Kids

Kids, robots and code: using LEGO to learn coding

“It is good for kids that are exposed to the STEM things at this young age”

Ethan, left, coded on the app. His grandfather John, right, watched how kids programmed.   Sixian Zuo

As computer programming becomes more accessible, more children are learning to code, including a dozen children on Sunday at the Halifax Central Library.

They got the chance to help code a LEGO robot.

John Burke took his eight-year-old grandson, Ethan, to the event for the first time. Burke took his first computer programming course in 1971 when he was at university.

“I learnt FORTRAN (formula translator) as a beginning, which is for engineering people,” said Burke. “And then I taught myself Pascal and Visual Basic and those programming modalities, so knowing the amount of logic which is involved, I think it would be beyond a student of this age.

“But coding now is starting to become common in schools, so I was just wondering how do they teach kids code at this age.”

Even though he questions how kids are taught code, he still thinks they should enjoy it.

“Kids need to have fun, not practice logic,” Burke said while smiling.

Ethan was in Tony Yang’s workshop.

“I would say the computer programming language is more efficient than our human language. When kids (are) learning this, it gives them a hint how to delivery efficient language by pure logic,” said Yang, who has a computer science degree, in an interview.

Yang shows how to build the LEGO robot.   Sixian Zuo

Yang had the children build the LEGO robot car brick by brick. Then he got them to connect the car with a computer by using an app called LEGO Education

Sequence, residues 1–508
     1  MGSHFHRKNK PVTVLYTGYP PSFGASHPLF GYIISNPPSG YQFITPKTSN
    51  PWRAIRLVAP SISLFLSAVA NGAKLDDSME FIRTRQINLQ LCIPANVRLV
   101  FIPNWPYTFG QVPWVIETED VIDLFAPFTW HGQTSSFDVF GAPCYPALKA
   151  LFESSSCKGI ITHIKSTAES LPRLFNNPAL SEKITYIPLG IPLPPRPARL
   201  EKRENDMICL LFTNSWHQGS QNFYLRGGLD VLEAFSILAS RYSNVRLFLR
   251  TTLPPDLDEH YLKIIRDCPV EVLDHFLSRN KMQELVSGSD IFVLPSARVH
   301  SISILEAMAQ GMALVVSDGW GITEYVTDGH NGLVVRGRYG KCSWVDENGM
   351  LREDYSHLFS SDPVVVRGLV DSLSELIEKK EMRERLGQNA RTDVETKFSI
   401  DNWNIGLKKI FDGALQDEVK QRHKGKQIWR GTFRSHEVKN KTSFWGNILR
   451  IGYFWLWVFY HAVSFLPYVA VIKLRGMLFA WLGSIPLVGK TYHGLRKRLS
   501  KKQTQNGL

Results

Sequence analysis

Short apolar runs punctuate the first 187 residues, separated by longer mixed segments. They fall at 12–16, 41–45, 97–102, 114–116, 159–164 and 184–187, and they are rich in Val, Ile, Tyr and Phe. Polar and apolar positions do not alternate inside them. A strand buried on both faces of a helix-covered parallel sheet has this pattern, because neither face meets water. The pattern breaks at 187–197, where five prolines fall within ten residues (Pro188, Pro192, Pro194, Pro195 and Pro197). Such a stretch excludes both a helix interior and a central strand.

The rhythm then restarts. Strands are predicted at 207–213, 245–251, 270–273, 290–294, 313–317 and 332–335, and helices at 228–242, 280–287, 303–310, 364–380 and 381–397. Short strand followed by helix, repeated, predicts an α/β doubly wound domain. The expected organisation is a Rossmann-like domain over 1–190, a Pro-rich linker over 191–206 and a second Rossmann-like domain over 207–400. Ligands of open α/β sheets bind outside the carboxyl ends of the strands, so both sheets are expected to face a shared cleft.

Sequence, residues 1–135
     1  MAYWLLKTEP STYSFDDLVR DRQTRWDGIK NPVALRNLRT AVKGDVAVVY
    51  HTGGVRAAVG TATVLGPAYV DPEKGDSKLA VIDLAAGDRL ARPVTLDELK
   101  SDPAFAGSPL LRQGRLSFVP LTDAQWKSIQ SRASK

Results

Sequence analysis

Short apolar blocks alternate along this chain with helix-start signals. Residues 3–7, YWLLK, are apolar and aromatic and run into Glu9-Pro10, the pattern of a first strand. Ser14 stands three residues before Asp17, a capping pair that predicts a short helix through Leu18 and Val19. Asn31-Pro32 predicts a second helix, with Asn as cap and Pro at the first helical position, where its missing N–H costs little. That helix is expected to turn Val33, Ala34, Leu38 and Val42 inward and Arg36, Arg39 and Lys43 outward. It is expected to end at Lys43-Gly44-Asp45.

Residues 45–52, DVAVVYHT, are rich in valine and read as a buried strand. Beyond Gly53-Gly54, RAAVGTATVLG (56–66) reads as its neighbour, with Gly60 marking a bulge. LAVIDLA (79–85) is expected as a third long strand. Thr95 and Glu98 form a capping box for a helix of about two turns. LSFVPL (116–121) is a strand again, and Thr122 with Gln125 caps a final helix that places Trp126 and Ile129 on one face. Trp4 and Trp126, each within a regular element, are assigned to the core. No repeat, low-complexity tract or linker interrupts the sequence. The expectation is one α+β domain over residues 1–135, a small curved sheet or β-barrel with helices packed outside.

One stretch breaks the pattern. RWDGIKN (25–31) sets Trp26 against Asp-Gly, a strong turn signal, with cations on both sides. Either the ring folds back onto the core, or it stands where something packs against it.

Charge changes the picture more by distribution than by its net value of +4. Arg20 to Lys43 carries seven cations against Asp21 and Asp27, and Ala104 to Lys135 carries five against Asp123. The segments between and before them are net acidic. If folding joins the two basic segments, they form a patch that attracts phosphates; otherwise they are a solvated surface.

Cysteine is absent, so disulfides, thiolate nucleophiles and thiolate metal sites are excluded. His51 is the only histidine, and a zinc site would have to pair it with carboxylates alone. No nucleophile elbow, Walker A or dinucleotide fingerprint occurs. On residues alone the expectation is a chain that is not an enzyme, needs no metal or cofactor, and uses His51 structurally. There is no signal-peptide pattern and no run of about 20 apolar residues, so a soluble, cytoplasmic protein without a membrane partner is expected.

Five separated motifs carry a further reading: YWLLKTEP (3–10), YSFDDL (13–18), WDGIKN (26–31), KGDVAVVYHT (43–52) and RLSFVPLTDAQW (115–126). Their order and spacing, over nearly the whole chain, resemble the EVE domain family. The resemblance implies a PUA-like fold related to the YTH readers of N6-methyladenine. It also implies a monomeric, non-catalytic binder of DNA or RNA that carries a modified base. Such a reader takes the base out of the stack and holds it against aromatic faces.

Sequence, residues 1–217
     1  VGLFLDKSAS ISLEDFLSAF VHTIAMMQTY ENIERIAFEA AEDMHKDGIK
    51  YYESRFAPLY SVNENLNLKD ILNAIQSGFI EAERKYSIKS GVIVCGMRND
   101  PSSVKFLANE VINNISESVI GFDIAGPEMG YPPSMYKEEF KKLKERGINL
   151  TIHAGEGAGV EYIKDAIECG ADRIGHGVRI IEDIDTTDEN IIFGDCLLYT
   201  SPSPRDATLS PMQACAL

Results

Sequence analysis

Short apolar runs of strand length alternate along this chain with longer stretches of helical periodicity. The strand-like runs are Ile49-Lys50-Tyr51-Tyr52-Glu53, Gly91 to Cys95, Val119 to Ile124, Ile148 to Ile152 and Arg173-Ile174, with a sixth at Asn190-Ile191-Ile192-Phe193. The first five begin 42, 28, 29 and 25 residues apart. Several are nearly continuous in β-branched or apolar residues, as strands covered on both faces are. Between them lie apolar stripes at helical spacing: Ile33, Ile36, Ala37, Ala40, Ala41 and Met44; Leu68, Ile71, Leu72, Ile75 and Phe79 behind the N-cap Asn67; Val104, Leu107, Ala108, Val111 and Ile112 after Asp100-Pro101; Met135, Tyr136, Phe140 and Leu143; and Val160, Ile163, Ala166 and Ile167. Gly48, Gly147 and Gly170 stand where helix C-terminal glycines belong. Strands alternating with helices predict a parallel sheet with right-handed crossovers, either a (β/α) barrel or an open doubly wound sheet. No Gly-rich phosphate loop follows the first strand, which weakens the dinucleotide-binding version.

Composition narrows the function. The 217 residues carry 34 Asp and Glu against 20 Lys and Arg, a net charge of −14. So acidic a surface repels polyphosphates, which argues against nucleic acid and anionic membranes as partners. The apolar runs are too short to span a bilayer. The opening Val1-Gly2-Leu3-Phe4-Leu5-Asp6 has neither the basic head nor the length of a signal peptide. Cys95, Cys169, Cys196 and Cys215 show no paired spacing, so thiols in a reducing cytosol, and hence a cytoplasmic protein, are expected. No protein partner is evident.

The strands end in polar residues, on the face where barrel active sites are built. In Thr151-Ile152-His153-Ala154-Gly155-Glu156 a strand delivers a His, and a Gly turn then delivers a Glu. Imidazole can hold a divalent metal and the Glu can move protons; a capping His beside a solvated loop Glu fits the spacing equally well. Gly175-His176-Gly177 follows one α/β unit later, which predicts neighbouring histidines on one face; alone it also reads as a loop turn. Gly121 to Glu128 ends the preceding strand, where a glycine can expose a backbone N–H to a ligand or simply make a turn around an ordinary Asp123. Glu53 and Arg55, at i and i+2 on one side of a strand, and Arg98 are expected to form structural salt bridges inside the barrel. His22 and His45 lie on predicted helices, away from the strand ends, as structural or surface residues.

Yang walked around to make sure kids grabbed the correct gear, like motion sensors and Bluetooth hubs, and put them on the robot cars the right way. The Bluetooth receiver on the robot connects the robot and programming.

Unlike other types of code, the LEGO Education interface doesn’t have complex sentences with numbers and letters. There are just a series of buttons on the bottom of the screen. Each button contains a different programming order, such as “start” and “motor that way,” to order the robot to move and stop. Kids dragged or clicked the buttons and put them together, instead of typing in code by themselves.

“The icon-based buttons make the coding friendly to kids at this age,” said Yang. “But the logic flow is the same as the higher level of computer science coding, like C and Java.”

Burke said Ethan loves LEGO and the family wants to encourage him to explore new ideas. 

“At this age, they all need to be exposed to as much as possible,” said Burke. “Cooperation, communication, problem-solving and seeing different things they have here, that is the thing Ethan can learn from this.” 

A child programming at the event.   Sixian Zuo

Yang said he believes the children are able to build and program their LEGO models while developing their skills in science, technology, engineering and mathematics.

“It is good for kids that are exposed to the STEM things at this young age,” he said.

Yang said he hopes to hold a workshop like this once a month.